1. Lupus is an illness of the immune system in which the body's defence mechanism starts making antibodies against its own cells . It is therefore called an auto-immune disease. This immune response can cause inflammation in cells which can affect one or many tissues in the body: skin, joints, muscles, blood vessels, blood cells, brain and nerves, other organs such as lungs, heart, kidneys, gastrointestinal tract and/or the linings around internal organs.2. Symptoms of lupus can include: Joint/muscle aches and pains, fatigue, kidney problems, rashes, heart and lung involvement, hair loss, increased risk of miscarriage, oral/nasal ulcers, light sensitivity and more.
3. Ninety per cent of people with lupus are female, though men and young children can also be affected.
4. It currently takes an average of 7.5 years from the initial onset of symptoms for a patient to be diagnosed with lupus in the UK.
5. Forty-five per cent of lupus patients are initially misdiagnosed with another condition.
6. Only one treatment, Belimumab (Benlysta), has been approved specifically for use in lupus in over 50 years. It is still not currently licensed for use in the UK.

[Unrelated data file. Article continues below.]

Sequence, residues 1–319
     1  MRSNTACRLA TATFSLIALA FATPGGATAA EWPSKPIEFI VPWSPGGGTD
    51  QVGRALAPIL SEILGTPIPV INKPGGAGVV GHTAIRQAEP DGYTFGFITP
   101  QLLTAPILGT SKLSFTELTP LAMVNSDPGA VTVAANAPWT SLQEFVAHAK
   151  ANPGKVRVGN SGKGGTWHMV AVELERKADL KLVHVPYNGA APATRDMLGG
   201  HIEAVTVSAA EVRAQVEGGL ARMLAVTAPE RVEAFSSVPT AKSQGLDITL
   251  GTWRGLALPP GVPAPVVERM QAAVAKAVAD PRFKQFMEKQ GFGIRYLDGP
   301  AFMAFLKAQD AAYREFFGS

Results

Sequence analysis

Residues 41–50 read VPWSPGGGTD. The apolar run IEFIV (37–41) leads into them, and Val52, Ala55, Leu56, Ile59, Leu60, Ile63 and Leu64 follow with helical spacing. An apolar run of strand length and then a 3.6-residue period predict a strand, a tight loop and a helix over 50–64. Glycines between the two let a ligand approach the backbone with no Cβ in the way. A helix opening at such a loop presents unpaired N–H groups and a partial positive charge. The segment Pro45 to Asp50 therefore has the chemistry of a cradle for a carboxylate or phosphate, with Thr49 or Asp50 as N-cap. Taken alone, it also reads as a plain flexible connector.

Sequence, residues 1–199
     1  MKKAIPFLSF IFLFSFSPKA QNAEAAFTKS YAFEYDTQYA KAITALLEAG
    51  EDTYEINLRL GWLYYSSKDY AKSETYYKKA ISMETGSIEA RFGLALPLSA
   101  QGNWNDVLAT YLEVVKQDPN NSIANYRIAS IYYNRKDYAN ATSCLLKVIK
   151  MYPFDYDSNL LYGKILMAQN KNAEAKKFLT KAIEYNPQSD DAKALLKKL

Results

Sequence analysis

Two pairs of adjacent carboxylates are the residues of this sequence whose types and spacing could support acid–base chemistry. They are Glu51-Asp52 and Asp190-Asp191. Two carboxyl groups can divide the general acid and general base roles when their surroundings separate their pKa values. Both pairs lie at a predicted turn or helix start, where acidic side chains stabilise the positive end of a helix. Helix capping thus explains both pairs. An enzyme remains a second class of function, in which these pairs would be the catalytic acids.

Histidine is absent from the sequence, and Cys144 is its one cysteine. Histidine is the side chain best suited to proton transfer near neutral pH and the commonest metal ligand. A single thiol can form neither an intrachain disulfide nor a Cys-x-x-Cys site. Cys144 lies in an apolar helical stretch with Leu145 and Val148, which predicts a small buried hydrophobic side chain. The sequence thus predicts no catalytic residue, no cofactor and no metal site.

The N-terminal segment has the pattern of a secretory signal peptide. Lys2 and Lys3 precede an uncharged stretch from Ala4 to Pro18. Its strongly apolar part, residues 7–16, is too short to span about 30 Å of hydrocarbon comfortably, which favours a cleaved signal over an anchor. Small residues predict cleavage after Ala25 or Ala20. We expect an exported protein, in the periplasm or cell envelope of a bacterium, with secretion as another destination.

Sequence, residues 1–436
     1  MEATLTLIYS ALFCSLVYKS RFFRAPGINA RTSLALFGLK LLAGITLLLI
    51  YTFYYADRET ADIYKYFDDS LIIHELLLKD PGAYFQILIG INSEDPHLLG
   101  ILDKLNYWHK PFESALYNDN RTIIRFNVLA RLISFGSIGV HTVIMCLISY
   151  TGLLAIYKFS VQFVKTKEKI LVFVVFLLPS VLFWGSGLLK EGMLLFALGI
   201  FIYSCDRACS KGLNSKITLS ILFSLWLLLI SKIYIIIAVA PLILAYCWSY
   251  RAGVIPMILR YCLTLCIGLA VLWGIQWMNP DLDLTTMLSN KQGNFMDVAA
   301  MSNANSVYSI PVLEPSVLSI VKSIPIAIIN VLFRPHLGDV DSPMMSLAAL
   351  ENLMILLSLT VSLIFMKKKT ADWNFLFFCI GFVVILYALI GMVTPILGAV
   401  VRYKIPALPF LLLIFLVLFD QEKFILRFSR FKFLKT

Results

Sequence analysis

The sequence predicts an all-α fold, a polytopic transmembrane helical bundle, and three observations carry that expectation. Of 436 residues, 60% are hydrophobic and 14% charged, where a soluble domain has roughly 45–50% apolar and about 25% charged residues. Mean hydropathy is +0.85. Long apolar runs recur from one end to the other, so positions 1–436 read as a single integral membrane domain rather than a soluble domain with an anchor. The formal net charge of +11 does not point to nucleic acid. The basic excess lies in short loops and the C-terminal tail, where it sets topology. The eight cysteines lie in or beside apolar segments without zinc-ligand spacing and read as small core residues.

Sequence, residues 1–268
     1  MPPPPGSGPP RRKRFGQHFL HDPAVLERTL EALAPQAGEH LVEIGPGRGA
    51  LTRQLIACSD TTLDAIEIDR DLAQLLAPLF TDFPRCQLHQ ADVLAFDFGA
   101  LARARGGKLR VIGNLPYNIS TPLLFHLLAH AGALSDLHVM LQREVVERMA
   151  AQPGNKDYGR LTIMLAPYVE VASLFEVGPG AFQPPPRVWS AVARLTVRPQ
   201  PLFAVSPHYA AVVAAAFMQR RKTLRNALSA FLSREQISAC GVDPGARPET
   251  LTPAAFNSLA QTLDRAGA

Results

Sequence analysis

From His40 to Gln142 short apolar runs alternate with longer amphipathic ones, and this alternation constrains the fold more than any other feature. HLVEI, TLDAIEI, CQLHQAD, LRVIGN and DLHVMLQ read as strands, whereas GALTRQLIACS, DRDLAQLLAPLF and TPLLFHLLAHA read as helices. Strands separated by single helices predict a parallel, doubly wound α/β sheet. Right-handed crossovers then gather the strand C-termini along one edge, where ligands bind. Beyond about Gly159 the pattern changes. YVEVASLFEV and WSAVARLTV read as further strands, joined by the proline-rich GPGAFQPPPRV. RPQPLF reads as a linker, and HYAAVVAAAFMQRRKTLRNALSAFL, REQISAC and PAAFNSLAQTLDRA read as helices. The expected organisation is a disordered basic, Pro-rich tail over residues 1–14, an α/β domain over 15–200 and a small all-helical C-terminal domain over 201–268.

7. People with lupus have two-times the risk of developing cardiovascular disease than people without lupus.
8. About one in three people with lupus develop kidney disease. This figure is higher in younger patients and those from certain ethnic groups (including black and Asian patients).
9. People of Black African origin are about three-times more likely to develop lupus than those of white European origin.
10. Fifty years ago lupus was regarded as a terminal condition, as most people would die of a complication in the first ten years after being diagnosed. Thanks to advancements in treatments, now most people with lupus have a normal, or near normal, life expectancy.
October is Lupus Awareness Month and LUPUS UK has just launched their brand new website featuring a wide range of information leaflets and booklets which are free to download.